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Safe Transfer Techniques

As the caregiver of a person who has had a stroke you must be aware of your limits mentally and physically.

Although it is possible to move a person from a bed to a chair independently, it is recommended that two people perform the procedure for someone who is very weak or unable to support him or herself.

Consult your physician or a physical therapist for advice on assistive devices that may make transferring a person from a bed to a chair easier; such as slide boards, gait belts, lifts, and wheelchairs with removable arms.

The Transfer Process

Step 1. Explain the procedure to the person.

Step 2. Place the wheelchair or chair the person is going to sit in parallel to the bed so that it is touching the bed and faces either the head or foot of the bed. The chair should be positioned so that it is on the person's unaffected side.

Step 3. Lock the wheelchair and bed in place and make sure the person has non-skid footwear on both feet.

Step 4. Lower the bed to its lowest position and raise the head of the bed (if possible) to the highest position so that the person is sitting upright.

Step 5. Assist the person to roll to their side. Place one hand over their legs and grab under both legs. Place the other hand under their arm and around their back.
In one motion, swing their legs off the edge of the bed while lifting the upper torso with your other hand into the upright sitting position. Assist the person to scoot out of the bed until both feet are on the floor.

Step 6. Place both of your feet in front of the person's feet so they do not slide. Place your arms under theirs and around their back and have them place their unaffected arm on your shoulder. Bend down at the knees and stabilize their legs against yours. Lean the person forward and have them push up on the unaffected leg at the same time you are lifting them into the standing position. A belt may be used as an alternative to help lift the person to the standing position.

Step 7. Have the person pivot towards their affected side so that their bottom is facing the chair. Slowly lower the person, while bending at the knees, into the wheelchair or chair.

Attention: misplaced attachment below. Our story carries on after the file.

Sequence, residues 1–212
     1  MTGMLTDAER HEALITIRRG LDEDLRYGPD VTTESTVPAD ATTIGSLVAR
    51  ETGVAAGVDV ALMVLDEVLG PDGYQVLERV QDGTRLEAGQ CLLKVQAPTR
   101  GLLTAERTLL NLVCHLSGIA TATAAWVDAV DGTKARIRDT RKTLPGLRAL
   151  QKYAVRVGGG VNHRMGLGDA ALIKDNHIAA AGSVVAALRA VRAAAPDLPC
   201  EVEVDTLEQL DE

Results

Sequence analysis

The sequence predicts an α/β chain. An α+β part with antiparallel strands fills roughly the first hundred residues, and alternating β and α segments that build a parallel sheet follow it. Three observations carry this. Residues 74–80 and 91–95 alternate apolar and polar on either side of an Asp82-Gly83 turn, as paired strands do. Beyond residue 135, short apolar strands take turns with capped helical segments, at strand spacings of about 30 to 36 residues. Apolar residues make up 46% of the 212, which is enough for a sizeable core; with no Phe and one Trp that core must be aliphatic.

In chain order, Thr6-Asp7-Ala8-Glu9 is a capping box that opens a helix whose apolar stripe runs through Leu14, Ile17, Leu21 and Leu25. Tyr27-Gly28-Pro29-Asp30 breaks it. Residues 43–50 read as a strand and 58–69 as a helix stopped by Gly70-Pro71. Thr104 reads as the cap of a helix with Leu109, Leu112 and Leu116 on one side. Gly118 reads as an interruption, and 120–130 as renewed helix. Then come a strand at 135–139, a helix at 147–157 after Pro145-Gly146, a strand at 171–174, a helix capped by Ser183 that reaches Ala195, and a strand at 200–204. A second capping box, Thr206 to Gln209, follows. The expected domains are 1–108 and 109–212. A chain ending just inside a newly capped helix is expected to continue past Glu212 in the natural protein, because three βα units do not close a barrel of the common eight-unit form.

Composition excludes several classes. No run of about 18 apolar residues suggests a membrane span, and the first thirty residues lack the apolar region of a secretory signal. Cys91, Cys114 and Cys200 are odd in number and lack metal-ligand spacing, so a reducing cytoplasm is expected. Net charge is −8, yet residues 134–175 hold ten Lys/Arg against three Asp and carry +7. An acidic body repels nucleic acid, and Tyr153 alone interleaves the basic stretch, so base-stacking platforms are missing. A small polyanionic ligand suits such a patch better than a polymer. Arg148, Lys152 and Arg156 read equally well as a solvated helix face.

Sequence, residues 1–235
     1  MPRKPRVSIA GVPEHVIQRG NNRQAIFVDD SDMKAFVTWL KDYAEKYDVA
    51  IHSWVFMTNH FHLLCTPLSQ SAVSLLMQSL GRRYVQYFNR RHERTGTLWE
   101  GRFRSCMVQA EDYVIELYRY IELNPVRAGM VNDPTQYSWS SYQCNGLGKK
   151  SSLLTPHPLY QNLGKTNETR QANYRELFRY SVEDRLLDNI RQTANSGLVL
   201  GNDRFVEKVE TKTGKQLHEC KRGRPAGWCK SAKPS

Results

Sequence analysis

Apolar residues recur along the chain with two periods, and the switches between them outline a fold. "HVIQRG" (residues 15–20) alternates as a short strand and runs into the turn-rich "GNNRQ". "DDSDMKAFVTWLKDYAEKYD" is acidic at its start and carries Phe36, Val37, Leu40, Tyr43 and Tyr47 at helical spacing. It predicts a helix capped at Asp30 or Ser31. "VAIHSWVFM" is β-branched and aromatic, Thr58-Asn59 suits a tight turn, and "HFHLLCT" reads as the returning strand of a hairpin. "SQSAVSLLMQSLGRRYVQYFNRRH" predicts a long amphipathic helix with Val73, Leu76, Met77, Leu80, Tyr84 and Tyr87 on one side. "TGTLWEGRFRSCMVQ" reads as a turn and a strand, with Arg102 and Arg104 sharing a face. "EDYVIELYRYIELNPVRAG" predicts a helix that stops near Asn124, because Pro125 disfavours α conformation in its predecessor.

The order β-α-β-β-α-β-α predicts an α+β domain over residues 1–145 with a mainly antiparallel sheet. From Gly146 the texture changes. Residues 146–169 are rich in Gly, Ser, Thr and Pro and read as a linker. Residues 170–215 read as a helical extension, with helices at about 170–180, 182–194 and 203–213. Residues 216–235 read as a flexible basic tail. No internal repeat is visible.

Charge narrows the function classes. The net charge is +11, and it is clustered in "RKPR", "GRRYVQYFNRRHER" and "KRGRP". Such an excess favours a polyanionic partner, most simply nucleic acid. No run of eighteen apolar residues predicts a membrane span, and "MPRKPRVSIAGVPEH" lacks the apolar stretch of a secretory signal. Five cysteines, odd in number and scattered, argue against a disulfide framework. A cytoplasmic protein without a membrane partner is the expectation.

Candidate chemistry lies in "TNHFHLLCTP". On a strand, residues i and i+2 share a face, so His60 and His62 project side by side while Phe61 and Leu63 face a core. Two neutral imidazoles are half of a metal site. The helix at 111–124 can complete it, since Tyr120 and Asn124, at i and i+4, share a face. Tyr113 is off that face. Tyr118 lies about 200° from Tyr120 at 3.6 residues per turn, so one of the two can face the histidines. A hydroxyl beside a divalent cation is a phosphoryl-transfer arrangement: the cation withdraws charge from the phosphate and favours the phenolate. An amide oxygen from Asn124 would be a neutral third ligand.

Step 8. Relax, you're done!

There are many different ways to perform a bed to chair transfer. Use the one you find the easiest and your body finds the easiest. Remember, there are many assistive devices out there that make this job much easier.

Additional Information:

The following are some web sites to provide you with more information about safe transfer techniques:

Safe Lifting Library

Safe Lifting News

The Patient Lifters Buying Guide


References:

Hope: The Stroke Recovery Guide. (2009). Retrieved from www.stroke.org.

Nelson, A., Motacki, K., & Menzel, N. (2009). The illustrated guide to safe patient handling and movement. NY: Springer. Retrieved from http://www.mtpinnacle.com/pdfs/Guide-to-Safe-Patient-Handling.pdf

Obeck, L. (2011). Safe patient lifting techniques. Retrieved from http://www.ehow.com/way_5296658_safe-patient-lifting-techniques.html

Prevention. (2008). Retrieved from http://www.mayoclinic.com

Stein, J. (2009). Stroke recovery and rehabilitation. New York, NY: Demos Medical Publishing

Stroke facts: Recovery after stroke: Managing life at home. (2009). Retrieved from www.stroke.org

Developed in 2000 by James Randolph, RN at the University of Toledo for Caring~Web©.

Revised 2010, 2012

Last Updated: 6/17/14